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New York City closes all schools amid spike in coronavirus cases

The largest public school system in the US will halt in-person learning on Thursday, Mayor Bill de Blasio confirmed.

The city had said since summer that school buildings would close if 3 per cent of all the Covid tests performed citywide over a seven-day period came back positive.

As the rate neared that point last week, Mr de Blasio advised parents to prepare for a possible shutdown within days.

The mayor said the rate has now passed that mark and the city’s more than one million public school students will now be taught entirely online.

As of the end of October, only about 25 per cent of students had gone to class in school this autumn, far fewer than officials had expected.

In-person school resumed on September 21 for pre-primary and some special education students.

Primary schools opened on September 29 and high schools on October 1.

At the time, the seven-day positive test average rate was under 2 per cent.

Even as the school system stayed open, more than 1,000 classrooms went through temporary closures.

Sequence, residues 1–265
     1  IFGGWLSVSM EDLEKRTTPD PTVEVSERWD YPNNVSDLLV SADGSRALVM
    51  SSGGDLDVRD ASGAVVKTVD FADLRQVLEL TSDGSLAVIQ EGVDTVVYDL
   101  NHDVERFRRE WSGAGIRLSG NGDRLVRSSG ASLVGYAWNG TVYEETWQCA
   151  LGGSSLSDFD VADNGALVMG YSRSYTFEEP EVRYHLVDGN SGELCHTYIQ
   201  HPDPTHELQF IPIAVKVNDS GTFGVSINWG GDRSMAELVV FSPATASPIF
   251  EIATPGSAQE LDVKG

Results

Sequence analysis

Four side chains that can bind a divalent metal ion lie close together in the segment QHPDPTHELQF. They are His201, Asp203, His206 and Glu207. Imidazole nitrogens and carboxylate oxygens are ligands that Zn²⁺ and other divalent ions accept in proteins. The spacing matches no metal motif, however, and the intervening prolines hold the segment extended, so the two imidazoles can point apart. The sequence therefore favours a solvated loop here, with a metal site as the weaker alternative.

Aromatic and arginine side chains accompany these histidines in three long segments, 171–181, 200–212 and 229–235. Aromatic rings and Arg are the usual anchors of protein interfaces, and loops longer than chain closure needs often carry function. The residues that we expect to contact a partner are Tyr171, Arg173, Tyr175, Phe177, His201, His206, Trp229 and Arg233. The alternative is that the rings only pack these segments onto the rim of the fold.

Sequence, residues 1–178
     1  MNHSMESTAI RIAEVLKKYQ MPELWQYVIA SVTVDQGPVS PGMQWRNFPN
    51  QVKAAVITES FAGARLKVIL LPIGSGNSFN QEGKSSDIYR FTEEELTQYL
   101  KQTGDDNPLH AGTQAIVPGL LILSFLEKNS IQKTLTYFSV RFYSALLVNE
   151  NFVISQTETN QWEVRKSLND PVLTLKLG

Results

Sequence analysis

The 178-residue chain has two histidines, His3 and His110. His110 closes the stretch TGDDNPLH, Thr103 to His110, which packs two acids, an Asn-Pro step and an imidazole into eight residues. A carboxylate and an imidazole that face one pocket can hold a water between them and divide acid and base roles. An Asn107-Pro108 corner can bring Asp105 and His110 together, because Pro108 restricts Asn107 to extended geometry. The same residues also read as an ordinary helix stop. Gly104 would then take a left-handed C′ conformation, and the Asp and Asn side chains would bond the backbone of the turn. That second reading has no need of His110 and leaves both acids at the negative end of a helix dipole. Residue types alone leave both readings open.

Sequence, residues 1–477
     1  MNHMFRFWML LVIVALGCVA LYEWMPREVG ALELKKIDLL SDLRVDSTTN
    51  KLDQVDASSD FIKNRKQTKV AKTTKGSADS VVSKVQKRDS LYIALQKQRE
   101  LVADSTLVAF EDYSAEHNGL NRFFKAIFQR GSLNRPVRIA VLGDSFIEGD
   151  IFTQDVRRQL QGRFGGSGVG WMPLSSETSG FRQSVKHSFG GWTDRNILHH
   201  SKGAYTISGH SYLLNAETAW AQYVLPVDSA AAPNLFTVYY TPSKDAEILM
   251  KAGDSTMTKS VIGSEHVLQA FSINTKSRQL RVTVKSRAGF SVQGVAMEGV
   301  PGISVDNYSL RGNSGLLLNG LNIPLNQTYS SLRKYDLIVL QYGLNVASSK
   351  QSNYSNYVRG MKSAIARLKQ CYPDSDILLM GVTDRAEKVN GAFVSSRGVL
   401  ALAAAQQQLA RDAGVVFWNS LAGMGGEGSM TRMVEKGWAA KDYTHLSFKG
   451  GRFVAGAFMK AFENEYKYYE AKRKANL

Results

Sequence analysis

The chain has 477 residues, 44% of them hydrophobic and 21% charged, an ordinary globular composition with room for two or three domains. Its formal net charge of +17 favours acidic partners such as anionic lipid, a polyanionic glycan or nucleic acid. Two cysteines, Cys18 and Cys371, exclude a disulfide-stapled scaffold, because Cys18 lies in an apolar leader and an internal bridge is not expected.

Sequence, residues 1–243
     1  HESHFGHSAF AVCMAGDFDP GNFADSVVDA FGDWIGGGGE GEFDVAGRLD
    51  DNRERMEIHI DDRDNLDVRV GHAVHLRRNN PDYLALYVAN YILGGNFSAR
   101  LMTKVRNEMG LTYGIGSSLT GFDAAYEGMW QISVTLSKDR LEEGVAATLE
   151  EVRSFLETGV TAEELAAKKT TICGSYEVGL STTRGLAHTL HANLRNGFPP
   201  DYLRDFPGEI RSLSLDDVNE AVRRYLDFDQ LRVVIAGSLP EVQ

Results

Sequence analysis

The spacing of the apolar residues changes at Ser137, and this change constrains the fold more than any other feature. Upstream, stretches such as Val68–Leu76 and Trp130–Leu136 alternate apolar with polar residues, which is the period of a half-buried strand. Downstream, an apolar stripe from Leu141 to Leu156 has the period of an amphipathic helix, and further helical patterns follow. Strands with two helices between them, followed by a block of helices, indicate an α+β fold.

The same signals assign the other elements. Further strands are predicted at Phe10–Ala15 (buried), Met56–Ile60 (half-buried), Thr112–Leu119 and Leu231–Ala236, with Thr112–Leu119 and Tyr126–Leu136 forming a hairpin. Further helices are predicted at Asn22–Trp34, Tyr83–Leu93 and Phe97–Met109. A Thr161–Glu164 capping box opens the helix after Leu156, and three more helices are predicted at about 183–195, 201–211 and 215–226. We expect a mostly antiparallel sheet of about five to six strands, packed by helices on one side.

This came as students or staffers tested positive, and officials began instituting local shutdowns in neighbourhoods where coronavirus cases were rising rapidly.

New York City’s school system, like others across the nation, halted in-person learning in mid-March as the virus spiked.

While many big US school districts later decided to start the autumn term with online learning, Mr de Blasio pushed for opening school doors.

The Democrat argued that students needed services they got in school and that many parents were counting on it in order to get back to work.

To keep students spread out, the city offered in-person learning only part-time, with youngsters logging on from home the rest of the time.

The reopening date, originally set for September 10, was postponed twice as teachers, principals and some parents said safety precautions and staffing were inadequate.

The teachers’ union at one point threatened to strike.

The city agreed to changes, including hiring thousands more teachers and testing 10 per cent to 20 per cent of all students and staffers per month for the virus.

When high schools finally opened their doors, Mr de Blasio hailed it as “an absolutely amazing moment” in the city’s recovery.

“This is an example of what makes New York City great,” he said at the time.

“We did something that other cities around this country could only dream of because we have fought back this pandemic so well for so long.”